Stitch placement – basic concept
Before we place the first stitches, here is an idea of what defines a perfect stitch and why you should try to make each stitch as good as you can. The distance to the cut edges, or bite, on either side of the suture line should be symmetric, so as to prevent uneven distribution of tension and to minimize risk of damage to the tissue. Each stitch should be exactly perpendicular to the suture line and all stitches should be parallel to each other, in order to avoid creating turbulence, aiding adhesion of blood components to sutures and small defects in a vessel’s intimal layer. All stitches should have the same distance to each other, so that you obtain an anastomosis that does not leak, using a minimum number of stitches.
Stitch placement – indirect stitch placement
In order to place stitches with high precision, it is helpful to use a relatively high magnification.
Place your needle holder exactly parallel to the cut edge, to get the needle exactly perpendicular to it. Decide at which point you want to penetrate the tissue with the needle tip. Support the tissue around this point from the underside with your opened forceps, to provide contra-pressure. Now rotate the needle through the tissue, until your needle holder makes contact with the vessel wall. Let go of the needle and take it out from the underside. With the help of the forceps grasping the thread, correctly position the needle in the needle holder again. Verify the distance of the stitch to the cut edge and select a point on the opposite side of the mcut that is equally far from the cut edge. Aim at this point and rotate the needle through the tissue.
Stitch placement – direct stitch placement
Once you have accurately placed several indirect stitches, you should proceed with direct stitches by passing the needle through the tissue on both sides of the cut in one single movement.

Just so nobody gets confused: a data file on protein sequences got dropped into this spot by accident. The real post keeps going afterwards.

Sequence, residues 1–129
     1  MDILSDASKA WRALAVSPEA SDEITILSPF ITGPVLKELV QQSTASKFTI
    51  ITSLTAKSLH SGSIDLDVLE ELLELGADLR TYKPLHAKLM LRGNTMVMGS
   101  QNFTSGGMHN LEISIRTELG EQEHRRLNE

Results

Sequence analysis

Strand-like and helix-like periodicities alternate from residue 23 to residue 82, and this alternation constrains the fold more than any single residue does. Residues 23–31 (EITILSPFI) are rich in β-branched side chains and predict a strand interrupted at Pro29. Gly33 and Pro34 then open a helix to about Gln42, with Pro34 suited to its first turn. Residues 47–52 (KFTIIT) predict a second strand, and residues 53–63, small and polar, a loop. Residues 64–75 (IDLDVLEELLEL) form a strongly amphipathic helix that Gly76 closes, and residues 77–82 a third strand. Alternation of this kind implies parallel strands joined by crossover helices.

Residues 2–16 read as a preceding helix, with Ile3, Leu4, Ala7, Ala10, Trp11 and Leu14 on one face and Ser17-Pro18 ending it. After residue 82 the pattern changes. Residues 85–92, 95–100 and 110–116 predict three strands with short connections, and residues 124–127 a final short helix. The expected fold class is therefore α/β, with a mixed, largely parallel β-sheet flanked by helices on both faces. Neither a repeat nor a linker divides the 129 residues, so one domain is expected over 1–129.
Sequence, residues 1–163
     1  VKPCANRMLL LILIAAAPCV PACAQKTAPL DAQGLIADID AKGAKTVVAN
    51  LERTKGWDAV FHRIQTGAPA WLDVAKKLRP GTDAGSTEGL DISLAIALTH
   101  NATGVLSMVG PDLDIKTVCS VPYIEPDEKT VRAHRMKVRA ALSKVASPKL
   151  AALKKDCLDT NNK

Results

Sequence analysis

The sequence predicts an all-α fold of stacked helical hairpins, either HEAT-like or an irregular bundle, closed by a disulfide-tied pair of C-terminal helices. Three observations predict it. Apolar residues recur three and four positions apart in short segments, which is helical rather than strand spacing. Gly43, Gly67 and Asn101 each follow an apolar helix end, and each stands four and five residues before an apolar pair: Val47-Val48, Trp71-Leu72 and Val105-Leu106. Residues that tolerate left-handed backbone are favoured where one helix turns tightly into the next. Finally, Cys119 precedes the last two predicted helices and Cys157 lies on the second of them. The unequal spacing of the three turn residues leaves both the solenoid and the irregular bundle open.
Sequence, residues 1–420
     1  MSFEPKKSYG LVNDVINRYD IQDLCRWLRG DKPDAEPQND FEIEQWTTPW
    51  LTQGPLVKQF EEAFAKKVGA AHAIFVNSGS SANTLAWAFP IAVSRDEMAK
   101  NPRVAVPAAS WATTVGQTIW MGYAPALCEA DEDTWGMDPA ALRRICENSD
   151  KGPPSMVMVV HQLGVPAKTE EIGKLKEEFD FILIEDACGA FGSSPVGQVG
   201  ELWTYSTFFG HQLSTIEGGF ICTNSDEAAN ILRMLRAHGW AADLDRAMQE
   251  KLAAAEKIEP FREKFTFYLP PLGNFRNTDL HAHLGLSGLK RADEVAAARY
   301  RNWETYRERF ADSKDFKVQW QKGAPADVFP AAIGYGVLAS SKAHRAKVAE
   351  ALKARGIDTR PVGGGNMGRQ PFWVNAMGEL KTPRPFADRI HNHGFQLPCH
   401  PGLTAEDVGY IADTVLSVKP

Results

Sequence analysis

If desired, using a higher magnification will allow you to place a stich even more precisely.
Stitch placement – pitfalls, tips and tricks
Avoid grabbing the cut edge in its full thickness. In a real vessel this would potentially cause serious damage.
Never touch the needle at its tip. A blunt needle will tear the tissue it penetrates.
Try not to push the needle: instead of rotating it, you may tear the vessel wall.
Avoid placing stitches oblique to the cut: turbulence inside a vessel favors thrombosis.
Do not place stitches with asymmetric distances to the cut edges. Uneven distribution of tension may cause the suture to rip through the vessel wall. In addition, overlapping or inversion of the edges may occur, leading to leakage, or thrombosis.
If stitches are placed too close to the cut edges, appreciating symmetry of bite will be far more difficult and the risk of tearing the vessel edge is substantially higher.
To make the needle project further out of the tissue to be able to take it out without touching its tip, simply let go of the needle, grasp it a little closer to its rear end and rotate it a little more.
If you pick up the needle close to its rear end, more of it will project out of the tissue and it will be easier to pass the needle through the tissue without touching its tip.
If, on the other hand, you pick up the needle at about its midpoint, it will be easier to penetrate the tissue at a steeper angle. This is important when thick vessel walls are encountered, so that you can penetrate all vessel wall layers at a similar distance to the cut edge.